Drug interactions are not always easily recognized by manufacturers or even physicians. But, as drugs are used more often, interactions may come to light that the public needs to be aware of. When physicians or manufacturers of these products know about interactions, but fail to inform their patients, it becomes an issue of liability as well.
In 2014, the Food and Drug Administration (FDA) had warned about a study that suggested a Type 2 Diabetes drug Onglyza was linked to potential heart failure. In 2015, the FDA then scheduled an advisory panel to examine the risks of this drug as well as other drugs in the same class. Now, according to The Legal Examiner, a new study has been published in the British Medical Journal (BMJ), that raises more concerns with Onglyza and other types of diabetes medications. The researchers found that when these drugs were combined with sulphonylureas, a type of antidiabetic drug, they increase the risk for patient hypoglycemia – low blood sugar – and other life-threatening conditions.
According to the study, the risk of hypoglycemia is a leading complication of diabetic patients who are 60 years or older and have a long history of the disease. It is the second leading cause of hospital admissions for diabetic patients suffering from Type 2 Diabetes. Also, it accounts for 20 to 25 percent of all hospital admissions for adverse drug reactions and can create heart failure. It has also been associated with an increased risk for falls and fractures.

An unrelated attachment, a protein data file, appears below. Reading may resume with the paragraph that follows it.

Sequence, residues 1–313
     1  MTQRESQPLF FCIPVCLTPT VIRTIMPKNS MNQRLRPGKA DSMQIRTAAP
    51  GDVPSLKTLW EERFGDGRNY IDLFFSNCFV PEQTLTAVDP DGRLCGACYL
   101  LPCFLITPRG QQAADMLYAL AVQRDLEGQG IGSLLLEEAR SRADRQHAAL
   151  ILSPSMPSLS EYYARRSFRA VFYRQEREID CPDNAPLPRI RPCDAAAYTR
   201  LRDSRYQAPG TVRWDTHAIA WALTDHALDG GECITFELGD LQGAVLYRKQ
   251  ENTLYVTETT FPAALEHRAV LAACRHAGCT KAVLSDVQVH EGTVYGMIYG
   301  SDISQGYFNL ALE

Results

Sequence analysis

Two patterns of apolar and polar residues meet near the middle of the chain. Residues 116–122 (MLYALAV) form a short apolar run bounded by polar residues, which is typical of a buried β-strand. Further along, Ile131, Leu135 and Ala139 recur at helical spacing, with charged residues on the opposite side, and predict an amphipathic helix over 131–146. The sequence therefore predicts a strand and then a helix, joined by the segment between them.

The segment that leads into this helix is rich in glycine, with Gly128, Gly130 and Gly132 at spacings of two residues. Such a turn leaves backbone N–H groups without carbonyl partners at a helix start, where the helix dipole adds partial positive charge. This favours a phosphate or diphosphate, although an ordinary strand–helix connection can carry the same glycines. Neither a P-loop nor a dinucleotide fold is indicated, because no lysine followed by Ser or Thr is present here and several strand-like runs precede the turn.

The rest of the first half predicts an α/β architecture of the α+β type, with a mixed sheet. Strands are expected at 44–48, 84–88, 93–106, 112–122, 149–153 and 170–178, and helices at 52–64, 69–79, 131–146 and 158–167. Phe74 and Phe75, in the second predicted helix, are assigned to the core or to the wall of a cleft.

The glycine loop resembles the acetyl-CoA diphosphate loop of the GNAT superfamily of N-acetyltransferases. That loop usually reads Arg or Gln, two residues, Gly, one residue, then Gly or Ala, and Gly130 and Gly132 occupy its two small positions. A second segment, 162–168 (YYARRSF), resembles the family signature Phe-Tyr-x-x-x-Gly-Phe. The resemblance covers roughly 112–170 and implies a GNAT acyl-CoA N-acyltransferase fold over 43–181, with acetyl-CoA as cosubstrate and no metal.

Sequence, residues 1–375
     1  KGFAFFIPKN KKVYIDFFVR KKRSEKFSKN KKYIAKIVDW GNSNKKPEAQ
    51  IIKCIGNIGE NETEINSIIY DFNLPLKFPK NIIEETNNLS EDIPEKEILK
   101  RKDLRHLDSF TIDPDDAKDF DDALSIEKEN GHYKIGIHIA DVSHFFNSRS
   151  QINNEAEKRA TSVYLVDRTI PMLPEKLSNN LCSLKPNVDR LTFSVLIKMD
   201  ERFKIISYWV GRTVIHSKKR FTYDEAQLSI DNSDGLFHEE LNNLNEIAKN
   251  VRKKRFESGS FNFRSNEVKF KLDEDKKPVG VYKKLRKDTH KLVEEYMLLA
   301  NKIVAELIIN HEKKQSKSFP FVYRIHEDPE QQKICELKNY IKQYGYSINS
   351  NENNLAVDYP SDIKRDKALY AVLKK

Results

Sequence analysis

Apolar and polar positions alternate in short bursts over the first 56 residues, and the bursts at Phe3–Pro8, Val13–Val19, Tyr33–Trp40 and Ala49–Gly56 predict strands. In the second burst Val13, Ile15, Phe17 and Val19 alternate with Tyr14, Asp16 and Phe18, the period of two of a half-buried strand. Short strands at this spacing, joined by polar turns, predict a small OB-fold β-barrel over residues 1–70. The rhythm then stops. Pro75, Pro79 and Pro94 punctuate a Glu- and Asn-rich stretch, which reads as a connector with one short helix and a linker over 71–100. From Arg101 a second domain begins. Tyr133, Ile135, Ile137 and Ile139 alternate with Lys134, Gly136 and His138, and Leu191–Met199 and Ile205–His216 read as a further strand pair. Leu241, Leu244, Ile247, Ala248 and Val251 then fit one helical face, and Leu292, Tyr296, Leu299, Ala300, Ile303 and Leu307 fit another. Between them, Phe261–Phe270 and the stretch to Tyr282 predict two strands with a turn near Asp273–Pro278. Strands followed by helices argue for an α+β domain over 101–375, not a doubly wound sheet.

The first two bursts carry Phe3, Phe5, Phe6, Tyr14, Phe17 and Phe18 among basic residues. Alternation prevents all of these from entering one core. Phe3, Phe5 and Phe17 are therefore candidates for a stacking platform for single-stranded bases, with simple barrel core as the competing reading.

Hypoglycemia occurs when the blood sugar levels drop to unsafe amounts – about 70 mg/dl or less. Some symptoms of it can include:
The medication known as Onglyza, which is a DPP-4 inhibitor, increases the risk of hypoglycemia compared to other medications when it is combined with sulphonylureas.
Researchers reviewed data from 10 independent studies which included more than 6,000 participants. There was a total of 4,020 participants who were taking these DPP-4 inhibitors (like Onglyza). They were taking these with sulphonylureas, and 2,526 were taking placebos with their sulphonylureas. The results showed that by adding the DPP-4 inhibitors, the risk for hypoglycemia rose by 50 percent.
Sometimes, interactions are not an act of negligence. But, when the research is there and manufacturers as well as physicians are aware of the dangerous interactions, they must inform their patients. Physicians have a duty to ensure that their patients are not taking drugs that can dangerously interact with one another. If a physician prescribes two medications that can lead to dangerous interactions, he or she could be legally liable for the injuries and damages that occur.
If you suffered from a dangerous drug interaction, whether for diabetes medications or another type of medication, contact a medical malpractice attorney in Connecticut right away. Contact Berkowitz and Hanna LLC today to schedule a no-obligation case evaluation. Call 866-479-7909 or contact us online to get started.